Top 10 recommendations in Becoming British:
1. Stop using ‘net migration’ as a target. Net migration counts all persons moving in or out for at least one year – it includes students and tens of thousands of British citizens returning from abroad giving a misleading picture.
2. The citizenship test is like a bad pub quiz – let’s get it right. This test is best known as the British citizenship test few British citizens can pass. We need to get clearer about what we as a society expect from new citizens and make the test more fit for purpose.
3. Being ‘British’ is a shared identity that transcends ethnicity, language or religion. Britain started in 1707 with England and Scotland’s union. From the beginning, British citizens had different local cultures, spoke different languages and held different beliefs. What they held in common was a shared commitment to a political union under the Crown.
4. English language tests should have fewer loopholes. Cameron’s government raised the bar, but opened too many exceptions based on nationality or holding a degree. A fairer standard that ensures all new migrants have sufficient English requires closing the unnecessary loopholes that should never have been allowed.
5. EU freedom of movement can be restricted. Like all freedoms, EU freedom of movement has limits. Becoming British shows how EU citizens can be checked more closely – and possibly deported after six months.
6. Immigration rules are hazardous to family health. Tighter restrictions on migrants have negative consequences for British citizens with non-British spouses – and their treatment by the Home Office has been appalling.
7. Immigration rules are changing so fast few know what they are. The rules change almost daily leading to incorrect “official” advice by border agents and government officials that is avoidable.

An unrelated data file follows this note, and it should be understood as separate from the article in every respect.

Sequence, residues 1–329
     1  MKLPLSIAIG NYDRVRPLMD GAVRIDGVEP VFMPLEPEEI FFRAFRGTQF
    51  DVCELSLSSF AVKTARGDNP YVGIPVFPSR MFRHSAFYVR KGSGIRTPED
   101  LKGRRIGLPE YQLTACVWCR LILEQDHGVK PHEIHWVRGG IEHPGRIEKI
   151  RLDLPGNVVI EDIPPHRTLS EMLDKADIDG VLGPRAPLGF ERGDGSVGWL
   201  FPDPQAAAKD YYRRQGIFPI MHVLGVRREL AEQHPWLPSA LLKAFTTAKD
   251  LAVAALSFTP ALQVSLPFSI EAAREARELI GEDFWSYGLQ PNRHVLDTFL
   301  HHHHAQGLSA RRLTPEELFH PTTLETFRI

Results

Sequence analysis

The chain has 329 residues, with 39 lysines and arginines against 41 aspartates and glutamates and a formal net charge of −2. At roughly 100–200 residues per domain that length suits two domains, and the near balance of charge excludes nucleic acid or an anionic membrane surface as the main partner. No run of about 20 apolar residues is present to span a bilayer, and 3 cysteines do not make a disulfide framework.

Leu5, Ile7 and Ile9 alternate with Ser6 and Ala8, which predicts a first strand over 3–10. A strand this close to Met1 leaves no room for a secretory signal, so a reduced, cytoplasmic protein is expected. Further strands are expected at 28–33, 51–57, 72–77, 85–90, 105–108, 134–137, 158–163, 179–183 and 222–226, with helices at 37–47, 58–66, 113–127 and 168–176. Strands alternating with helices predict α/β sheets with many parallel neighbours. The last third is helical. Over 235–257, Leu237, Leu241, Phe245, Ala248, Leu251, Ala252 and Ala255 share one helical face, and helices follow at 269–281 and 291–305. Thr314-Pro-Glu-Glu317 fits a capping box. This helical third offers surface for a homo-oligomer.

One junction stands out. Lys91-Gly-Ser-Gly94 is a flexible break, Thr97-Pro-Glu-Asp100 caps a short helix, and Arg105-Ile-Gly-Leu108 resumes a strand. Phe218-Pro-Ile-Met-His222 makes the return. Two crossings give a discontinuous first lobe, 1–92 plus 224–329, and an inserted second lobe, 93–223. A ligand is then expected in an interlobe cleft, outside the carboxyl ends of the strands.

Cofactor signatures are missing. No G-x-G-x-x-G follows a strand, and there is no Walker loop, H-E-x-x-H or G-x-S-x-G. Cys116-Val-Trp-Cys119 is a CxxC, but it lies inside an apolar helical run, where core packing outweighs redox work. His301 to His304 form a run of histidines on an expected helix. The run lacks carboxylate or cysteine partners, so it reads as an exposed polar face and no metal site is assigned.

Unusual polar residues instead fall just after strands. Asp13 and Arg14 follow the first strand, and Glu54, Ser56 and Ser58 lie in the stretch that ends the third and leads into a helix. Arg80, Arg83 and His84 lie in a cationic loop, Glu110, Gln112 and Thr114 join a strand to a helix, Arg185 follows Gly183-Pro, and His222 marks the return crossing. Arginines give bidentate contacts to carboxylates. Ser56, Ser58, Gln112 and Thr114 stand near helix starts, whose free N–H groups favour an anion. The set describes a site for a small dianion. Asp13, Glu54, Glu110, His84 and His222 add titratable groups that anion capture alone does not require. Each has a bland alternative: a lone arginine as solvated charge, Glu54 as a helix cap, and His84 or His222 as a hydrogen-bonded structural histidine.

8. We need a Migration Impacts Reduction Fund. This is money raised from a small surcharge on immigration applications. Funding raised can be used to provide much needed relief to schools, local health trusts and public transport – paid for by migrants and benefiting everyone.
9. Reform the Migration Advisory Committee. This a small group of economists you can count on one hand that do all the independent advising to government on immigration policy. It’s time their membership is reformed to include legal experts and social policy advisors to better assess and advise the government on the impact of different proposals on immigration.
10. We need a new Citizenship Advisory Group. It’s been more than a decade since Sir Bernard Crick led the last national conversation on citizenship and immigration. But much has changed since: record high net migration and immigration is the number one issue of public concern for a start. An updated overhaul of existing regulations is urgently required. As the immigration rules now grow beyond 2,000 pages (not counting case law), we need a national conversation once more to make immigration policy fit for purpose — and win back public confidence.